Before the US stepped up sanctions on Nicolas Maduro's government, Citigroup struck a deal with Venezuela—and with part of that deal having expired, the bank plans to sell several tons of gold Venezuela had offered as collateral in what Reuters calls a "setback" for Maduro. His government has been using so-called "gold swaps" since 2014, using its gold reserves to get its hands on cash. In the 2015 Citigroup deal, Venezuela took out a $1.6 billion loan, and sources say $1.1 billion of it came due March 11. Since Venezuela has not paid up, the bank plans to sell the gold it had been holding as a guarantee, which reportedly has a market value of around $1.358 billion. The extra $258 million, representing the difference in price between when the gold was acquired and now, will be put in a New York bank account; Bloomberg reports Maduro won't have access.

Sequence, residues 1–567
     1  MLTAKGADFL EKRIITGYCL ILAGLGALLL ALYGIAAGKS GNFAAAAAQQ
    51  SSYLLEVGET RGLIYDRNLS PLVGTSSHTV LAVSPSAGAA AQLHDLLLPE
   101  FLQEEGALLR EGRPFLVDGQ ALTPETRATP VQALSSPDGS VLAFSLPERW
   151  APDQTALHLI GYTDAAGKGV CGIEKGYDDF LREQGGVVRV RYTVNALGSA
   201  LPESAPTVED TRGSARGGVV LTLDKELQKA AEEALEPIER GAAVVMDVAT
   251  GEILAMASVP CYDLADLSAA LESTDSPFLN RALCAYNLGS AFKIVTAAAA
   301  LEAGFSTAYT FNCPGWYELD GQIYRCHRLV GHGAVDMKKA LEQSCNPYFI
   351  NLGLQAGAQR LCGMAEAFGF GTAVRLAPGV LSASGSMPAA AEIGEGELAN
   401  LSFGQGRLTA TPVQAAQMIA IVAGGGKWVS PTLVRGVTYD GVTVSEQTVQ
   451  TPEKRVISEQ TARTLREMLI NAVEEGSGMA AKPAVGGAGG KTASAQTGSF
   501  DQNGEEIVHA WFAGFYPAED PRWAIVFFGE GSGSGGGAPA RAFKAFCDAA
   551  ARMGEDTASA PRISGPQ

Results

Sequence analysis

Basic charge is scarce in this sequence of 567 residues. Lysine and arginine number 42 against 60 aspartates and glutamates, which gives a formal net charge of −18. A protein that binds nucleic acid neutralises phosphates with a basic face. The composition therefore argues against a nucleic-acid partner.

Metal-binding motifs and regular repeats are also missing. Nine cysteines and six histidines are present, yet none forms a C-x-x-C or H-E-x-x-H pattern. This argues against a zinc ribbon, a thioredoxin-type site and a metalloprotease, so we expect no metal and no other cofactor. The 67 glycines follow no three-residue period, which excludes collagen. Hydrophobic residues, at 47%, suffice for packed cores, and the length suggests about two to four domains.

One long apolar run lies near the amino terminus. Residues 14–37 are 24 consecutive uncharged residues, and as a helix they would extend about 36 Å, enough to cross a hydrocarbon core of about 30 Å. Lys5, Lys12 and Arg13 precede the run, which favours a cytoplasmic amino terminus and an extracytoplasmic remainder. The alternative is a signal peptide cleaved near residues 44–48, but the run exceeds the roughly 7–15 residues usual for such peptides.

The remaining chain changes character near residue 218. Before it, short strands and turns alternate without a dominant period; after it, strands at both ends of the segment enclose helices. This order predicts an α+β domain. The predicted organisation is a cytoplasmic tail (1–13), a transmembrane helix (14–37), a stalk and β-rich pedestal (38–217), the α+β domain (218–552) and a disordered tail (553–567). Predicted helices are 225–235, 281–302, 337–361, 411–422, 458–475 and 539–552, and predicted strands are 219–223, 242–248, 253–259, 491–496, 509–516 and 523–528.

The gold swaps were started as revenue from oil decreased, making it hard for Venezuela to get hard currency, but over the past two years, as the country's economic situation has worsened and financial sanctions have been imposed by various nations in an attempt to oust Maduro from power, Venezuela has had a hard time getting its collateral back and the country is struggling with shrinking gold reserves. Last month, sources told Bloomberg Citi was in talks with the US Treasury Department about how to handle the matter, and said that Juan Guaido—the opposition leader recognized by most Western nations as Venezuela's legitimate president—was asking Citi not to take possession of the gold. Reuters reports that his team's attempt to negotiate a 120-day extension of the gold repurchase deadline with Citi was unsuccessful, but Bloomberg notes he may eventually be given the extra $258 million. (Read more Venezuela stories.)